Restoring a Pinball Playfield.
    (Example used: 1973 Gottlieb King Pin)

    by, 03/20/08.
    Copyright 2008 all rights reserved.

    For hardcore pinball restorers only. This document is part of the Pinball Restoration document. Update of this document are available at

    I bought this game from a guy in Canada. I dig the single player drop target Gottlieb wedgehead pinballs from this era. Similar to Jumping Jack but King Pin is a single player game. The playfield was more worn that I would have liked, but what can you do? The kickout hole at the top of the PF really wears the finish. It's difficult to find these games, so I take what I can get. Also with the cost of shipping, everything really needs to be within driving range.

    For the purpose of this document, only the playfield paint restoration will be covered. Note this isn't the only way to do this, but in the end it worked out pretty well. My objective was to have a playfield that did not look like it was touched up and clearcoated (well, didn't scream it at least). This is unlike say the work that professional restorers do (like HSA and Playfield Renovations) - these just scream "clearcoated", a look which I really don't like, as it looks out of place and stupid on older EM games. The objective is to not make the playfield look "unnatural" in a 30+ year old game.

    Note the pictures are very big in this document, bigger than in the normal repair guides.

Here's the playfield as I received it, with all the PF parts removed. I'm kind of wondering if I should go through all this effort, because really the playfield isn't that worn. It's starting to get worn (look around the light inserts), but it's not too bad really. The kickout hole wear is what's forcing me to do this work really.

Here's the playfield after attacking it with Melamine Foam and 90% rubbing alcohol. This process gets a lot of the really ground in dirt cleaned out. After that I wipe down the playfield with Naptha to remove residue and any old wax. Finally I lightly polish with Novus2 by hand. This will give me a good feel for what work I have ahead, and if I should even bother.

Here's the colors I will be using for this playfield restoration (in addition to black). I'm pretty happy with these, and they are readily available at Michael's. The only color that was a bear to match is the blue/green "ocean breeze". I had a hard time finding a good color match. I used my Pantone color guide on the playfield and found a similar color. Then took the Pantone guide to Michael's and bought about seven similar colors. The one below was a pretty decent.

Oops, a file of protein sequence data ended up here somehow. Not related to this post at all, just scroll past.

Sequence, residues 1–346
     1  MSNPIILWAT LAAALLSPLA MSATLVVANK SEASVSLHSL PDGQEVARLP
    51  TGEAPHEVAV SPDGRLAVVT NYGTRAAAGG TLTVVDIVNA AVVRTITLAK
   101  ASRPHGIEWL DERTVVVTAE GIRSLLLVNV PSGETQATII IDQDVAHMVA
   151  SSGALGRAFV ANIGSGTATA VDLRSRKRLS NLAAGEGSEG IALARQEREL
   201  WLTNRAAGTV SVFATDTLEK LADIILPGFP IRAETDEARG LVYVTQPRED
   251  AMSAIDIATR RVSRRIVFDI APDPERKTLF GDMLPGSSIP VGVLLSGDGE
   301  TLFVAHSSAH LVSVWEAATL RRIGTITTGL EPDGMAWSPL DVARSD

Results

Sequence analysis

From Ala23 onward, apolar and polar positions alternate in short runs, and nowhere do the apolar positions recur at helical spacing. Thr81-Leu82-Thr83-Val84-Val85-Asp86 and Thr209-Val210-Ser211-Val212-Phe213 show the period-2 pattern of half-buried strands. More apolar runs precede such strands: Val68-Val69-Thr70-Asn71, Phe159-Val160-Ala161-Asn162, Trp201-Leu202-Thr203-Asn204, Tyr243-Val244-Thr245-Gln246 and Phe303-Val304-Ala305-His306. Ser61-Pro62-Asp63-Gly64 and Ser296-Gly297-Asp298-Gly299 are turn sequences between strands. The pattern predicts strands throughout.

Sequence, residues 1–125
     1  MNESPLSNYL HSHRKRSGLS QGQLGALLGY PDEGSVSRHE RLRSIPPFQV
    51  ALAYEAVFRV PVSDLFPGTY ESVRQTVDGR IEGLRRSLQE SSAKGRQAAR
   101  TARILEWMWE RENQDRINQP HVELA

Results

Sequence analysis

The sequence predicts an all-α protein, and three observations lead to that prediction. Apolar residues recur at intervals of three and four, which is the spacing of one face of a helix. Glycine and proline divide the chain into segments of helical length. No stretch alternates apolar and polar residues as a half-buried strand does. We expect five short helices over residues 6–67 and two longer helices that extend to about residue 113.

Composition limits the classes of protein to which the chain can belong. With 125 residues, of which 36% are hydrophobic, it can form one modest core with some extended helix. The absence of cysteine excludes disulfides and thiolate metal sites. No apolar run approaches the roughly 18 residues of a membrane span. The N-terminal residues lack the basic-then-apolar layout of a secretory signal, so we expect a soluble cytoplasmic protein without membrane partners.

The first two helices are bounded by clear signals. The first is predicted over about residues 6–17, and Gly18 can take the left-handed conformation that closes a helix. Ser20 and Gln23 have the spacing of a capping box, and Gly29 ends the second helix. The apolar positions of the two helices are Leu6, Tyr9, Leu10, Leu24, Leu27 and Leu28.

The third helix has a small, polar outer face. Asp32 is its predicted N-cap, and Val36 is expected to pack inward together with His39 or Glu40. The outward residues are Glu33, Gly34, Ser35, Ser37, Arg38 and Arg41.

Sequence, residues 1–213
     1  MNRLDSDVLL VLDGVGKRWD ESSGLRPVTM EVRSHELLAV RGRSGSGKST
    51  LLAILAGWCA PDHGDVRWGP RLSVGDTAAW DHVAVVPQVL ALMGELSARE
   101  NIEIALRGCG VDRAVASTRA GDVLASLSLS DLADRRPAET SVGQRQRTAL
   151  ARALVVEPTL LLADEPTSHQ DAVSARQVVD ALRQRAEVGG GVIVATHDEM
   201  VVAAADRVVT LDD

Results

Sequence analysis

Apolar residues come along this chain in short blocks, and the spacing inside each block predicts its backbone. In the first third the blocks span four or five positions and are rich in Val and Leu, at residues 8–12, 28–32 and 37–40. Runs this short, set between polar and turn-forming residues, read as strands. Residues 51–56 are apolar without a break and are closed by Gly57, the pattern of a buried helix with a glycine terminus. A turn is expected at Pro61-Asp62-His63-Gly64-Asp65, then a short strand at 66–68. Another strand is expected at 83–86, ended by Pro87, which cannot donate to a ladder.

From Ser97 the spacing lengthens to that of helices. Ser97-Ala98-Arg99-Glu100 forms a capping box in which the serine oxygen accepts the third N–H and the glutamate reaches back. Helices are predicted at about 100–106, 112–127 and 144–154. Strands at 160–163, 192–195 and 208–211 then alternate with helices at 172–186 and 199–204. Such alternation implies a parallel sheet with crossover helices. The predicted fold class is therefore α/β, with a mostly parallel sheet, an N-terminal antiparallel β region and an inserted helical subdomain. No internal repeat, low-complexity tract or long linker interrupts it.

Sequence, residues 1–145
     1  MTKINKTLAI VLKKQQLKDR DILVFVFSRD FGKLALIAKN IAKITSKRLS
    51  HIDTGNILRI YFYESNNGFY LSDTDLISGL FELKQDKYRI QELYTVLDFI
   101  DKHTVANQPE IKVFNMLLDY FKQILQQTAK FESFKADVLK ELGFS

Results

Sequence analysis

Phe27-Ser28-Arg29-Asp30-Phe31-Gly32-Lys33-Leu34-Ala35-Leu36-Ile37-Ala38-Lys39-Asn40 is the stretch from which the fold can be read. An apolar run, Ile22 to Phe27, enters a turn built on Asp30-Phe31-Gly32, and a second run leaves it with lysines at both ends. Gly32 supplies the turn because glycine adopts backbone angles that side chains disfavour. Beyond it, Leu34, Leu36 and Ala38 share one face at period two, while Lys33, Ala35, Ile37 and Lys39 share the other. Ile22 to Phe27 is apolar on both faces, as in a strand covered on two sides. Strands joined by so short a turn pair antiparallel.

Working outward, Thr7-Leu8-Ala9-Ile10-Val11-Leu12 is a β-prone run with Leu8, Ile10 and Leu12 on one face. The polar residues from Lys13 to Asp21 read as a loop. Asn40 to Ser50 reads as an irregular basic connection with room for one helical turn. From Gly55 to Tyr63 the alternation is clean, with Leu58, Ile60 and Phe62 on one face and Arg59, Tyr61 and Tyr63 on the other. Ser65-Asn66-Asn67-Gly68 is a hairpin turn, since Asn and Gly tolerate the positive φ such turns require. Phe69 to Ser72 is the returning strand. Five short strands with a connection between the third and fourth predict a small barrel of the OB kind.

Below is a picture of my two favorite brushes. I use these for nearly everything. They are crappy little brushes, but they work well for me. Notice I use old chip tubes to hold my paint while I work. These are disposible, and if I flip it over, the paint generally stays in the channel and doesn't get all over.

The bulk of the touchups are pretty mindless, but labor intensive. Almost the entire playfield will be repainted by hand. But the one area that is not so easy to touchup is the missing text across the top of the playfield - the left side text is worn away from the kickout hole.

The good news is the right side text is identical, so we can use the existing text as a guide to recreate the missing text. I have filled in the background green/blue color where the missing text resides. Now I need to find a way to transfer the missing text to the worn area.

I use some tracing paper to trace the original text. I will then transfer this to the worn area. Below I'm using a pencil and a straight-en to draw the text.

Using a scribe and a straightedge, I scratch right through the tracing paper and into the paint. I will then use the scratched areas as a guide to paint the black keyline. Next I'll fill in the center orange test areas.

After the area is scratched with the text, I use a pencil to draw (trace) the scratches. This is easy to do because the pencil wants to 'find' its way into the scratch lines.

Now I rough paint the black key lines. Don't worry if it's not perfect, that will all get cleaned up. Too much black on the inside will get fixed with the orange fill color. Too much black on the outside can be fixed with an Exacto or by adding some blue/green.

Here's the final outcome. The text on the left is recolored, the text on the right is largely original. Comparing the two shows, though not perfect, the text on the left came out pretty well. The problem is matching the "crispness" of the orignal silkscreened lettering. Might need some more tweaking. Another way to do this would be to scan the original area on the right, clean up the text in Photoshop, then print it on water-slide decal paper. Next "green out" the area on the left, and apply the decal over the green/blue background. This works well with white or black text, but not so well with red or orange text (which is unfortunately is rather transparent). But it would have given very nice black keylines. Next I will try this method for another problem seen below...